Even if you have managed to banish the “gimmes” from your home, it doesn’t mean gratitude will automatically flood into your child. In some ways I think developing a constant “attitude of gratitude” is a lifelong process. Partially because it takes some life experiences to reinforce how much you really do have to be grateful for in your life. Or perhaps we just become too distracted with the annoyances of life to remember all of the things that are going “right”. Whatever the cause, parents can begin laying the groundwork for their children to become grateful.
Greedy children appear to concern a lot of people this time of year. It seems like everyone has a child with the “gimmes” especially during the holidays. In fact my daughter and I caught a segment where a “parenting expert” was counseling parents on how to “cure” their children. Her main advice was for parents to tell their children it was a recession and they couldn’t afford much.
My daughter snorted, “Then they’ll just wait until the economy is better and expect double presents!” She is right. There are a lot of ways to help your child take the focus off of what they can get, but giving them partial or incorrect information is not the best plan.
Our daughter is incredibly responsible with money and always has a very reasonable and short “wish list”. In fact, she rarely has more than two or three items on her entire Christmas list. As my daughter and I discussed what we had done to help her grow her attitudes towards material things, I realized there were some easy things anyone could do with their children.
My small group Bible study has been reading a book about Jewish customs during Jesus’ lifetime on earth. I found it interesting that during this time period the Jewish people used every opportunity to discuss God’s words. In fact it was not unusual for a small group of people to break away during a wedding or other celebration to talk about the Torah or other teachings. This week we even learned that one of the main focal points of meals was to use them as an opportunity to teach their children about God, the stories of the Bible and the lessons to be learned from them.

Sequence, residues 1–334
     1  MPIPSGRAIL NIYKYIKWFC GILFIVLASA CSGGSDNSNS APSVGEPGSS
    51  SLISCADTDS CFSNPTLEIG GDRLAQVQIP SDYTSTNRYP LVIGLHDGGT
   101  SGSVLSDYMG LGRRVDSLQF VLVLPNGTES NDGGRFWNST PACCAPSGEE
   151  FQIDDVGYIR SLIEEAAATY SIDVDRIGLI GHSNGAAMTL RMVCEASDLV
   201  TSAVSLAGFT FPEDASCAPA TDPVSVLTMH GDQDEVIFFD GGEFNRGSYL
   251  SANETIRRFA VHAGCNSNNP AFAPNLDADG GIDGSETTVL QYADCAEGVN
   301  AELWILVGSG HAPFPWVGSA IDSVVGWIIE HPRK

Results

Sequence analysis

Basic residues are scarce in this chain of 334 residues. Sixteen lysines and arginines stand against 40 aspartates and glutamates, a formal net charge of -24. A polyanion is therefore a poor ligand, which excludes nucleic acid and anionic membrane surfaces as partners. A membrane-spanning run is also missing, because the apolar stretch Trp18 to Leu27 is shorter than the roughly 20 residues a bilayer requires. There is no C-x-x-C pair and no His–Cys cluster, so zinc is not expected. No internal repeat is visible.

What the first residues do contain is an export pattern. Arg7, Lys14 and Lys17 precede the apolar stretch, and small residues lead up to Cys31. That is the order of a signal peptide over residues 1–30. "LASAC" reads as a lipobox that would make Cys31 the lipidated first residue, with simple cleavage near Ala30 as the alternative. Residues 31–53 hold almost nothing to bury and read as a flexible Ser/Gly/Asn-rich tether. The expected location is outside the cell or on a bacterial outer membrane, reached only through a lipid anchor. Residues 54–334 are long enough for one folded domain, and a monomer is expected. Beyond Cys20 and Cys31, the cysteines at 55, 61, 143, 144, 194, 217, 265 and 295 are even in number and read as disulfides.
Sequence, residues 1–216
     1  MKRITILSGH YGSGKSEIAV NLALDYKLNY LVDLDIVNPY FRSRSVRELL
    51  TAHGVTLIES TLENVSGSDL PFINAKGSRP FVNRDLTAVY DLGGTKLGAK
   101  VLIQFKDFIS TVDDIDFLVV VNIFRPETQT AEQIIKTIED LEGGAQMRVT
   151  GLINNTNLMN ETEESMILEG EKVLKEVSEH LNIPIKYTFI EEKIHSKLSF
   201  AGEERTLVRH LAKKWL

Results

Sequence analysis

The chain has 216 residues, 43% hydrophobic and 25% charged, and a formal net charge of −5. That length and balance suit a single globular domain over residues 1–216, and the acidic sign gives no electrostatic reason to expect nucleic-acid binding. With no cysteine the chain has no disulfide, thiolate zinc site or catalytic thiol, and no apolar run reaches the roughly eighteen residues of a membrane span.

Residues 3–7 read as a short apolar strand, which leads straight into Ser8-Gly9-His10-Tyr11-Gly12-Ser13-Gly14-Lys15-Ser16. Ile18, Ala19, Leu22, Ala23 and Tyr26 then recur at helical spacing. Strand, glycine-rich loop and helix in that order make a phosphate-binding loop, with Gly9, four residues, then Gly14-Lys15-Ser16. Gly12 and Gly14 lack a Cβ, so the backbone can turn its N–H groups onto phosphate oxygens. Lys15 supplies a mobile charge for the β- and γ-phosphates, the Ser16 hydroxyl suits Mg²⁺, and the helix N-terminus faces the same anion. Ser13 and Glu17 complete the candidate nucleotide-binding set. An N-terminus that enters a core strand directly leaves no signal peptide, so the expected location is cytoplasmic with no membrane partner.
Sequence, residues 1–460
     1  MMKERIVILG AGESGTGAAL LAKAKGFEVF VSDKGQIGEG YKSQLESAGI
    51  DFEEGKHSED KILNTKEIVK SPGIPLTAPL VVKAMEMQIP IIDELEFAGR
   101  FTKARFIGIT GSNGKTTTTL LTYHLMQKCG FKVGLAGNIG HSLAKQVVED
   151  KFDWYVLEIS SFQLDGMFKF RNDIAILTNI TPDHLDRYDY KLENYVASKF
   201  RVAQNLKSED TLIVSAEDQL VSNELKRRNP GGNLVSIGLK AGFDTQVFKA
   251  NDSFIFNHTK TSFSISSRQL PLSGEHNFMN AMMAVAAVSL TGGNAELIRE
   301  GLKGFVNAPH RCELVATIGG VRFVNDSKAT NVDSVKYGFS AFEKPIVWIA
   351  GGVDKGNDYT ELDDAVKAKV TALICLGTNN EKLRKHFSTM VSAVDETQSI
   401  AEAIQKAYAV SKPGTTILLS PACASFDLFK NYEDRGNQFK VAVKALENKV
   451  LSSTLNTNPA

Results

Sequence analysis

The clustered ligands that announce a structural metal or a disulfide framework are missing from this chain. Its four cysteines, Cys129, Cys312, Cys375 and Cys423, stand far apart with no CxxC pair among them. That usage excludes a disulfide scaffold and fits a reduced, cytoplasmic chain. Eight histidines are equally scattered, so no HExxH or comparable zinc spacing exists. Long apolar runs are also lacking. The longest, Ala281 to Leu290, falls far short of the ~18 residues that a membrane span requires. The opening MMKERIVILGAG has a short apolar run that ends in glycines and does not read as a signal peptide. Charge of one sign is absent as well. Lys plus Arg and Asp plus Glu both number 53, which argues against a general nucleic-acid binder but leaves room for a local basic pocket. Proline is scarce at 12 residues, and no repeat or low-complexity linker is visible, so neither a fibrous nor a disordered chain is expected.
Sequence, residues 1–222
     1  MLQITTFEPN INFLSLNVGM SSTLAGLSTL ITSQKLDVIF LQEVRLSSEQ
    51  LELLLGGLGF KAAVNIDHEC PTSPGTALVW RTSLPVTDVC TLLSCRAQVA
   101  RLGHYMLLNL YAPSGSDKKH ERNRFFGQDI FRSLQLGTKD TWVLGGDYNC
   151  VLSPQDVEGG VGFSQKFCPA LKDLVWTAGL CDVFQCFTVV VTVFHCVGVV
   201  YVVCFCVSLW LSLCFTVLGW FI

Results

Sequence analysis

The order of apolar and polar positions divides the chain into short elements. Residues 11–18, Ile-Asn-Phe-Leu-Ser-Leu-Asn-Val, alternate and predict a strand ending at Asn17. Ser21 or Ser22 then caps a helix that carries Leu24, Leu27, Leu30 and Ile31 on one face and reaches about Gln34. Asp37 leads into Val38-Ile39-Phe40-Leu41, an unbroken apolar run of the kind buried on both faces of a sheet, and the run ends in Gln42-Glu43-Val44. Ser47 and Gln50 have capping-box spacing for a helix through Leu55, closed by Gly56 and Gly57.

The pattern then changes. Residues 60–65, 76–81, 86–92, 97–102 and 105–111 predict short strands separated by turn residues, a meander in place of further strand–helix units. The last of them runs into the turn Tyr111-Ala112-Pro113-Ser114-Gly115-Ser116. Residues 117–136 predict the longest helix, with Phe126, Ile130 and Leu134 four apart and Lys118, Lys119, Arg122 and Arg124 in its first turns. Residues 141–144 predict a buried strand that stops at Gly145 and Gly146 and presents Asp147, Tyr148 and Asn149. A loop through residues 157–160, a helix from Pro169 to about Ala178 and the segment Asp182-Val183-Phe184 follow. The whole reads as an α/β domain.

This summer our family took a vacation to territory new to us. One of the states we drove through was North Dakota. It was a typical state where farming is the primary industry. Mile after mile of fields were dotted occasionally with a house or very small village. There was one thing about almost all of those farms that just amazed me though. On almost every acre there sat a huge pile of rocks. Not tiny rocks mind you, but rocks that would take one or more very large, strong men to struggle to move. It became very obvious this rich farm land had once been incredibly rocky. The early settlers must have performed backbreaking labor for days just to ready the fields for plowing and planting. They must have had to work quickly and as a team as the growing season that far north is very short. (In the winter the cold is bitter and the fields covered in snow.)
I am sure many settlers buckled under the work, gave up and moved to easier places to farm. I imagine all of them were tempted to give up more than once. It appears though that the work of those who toughed it out and remained was worth it. Even today, generations later, the fields yield beautiful and abundant crops.
I have grown to love the Jewish holidays over the last few years. My husband and I were teaching a class of boys in Sunday School who were famous for being “a handful”. I was trying to find material that was challenging, but would keep them active and fed. Learning about the Jewish holidays turned out to be the perfect topic.
As I studied the holidays to prepare my lessons, I became enthralled. I had no idea the Jewish holidays were often looking for the Messiah as part of their celebration. Many of the holidays aligned with events in the New Testament in ways I found amazing. The more I studied, the more I appreciated how intricate and detailed God’s plan was from the very beginning.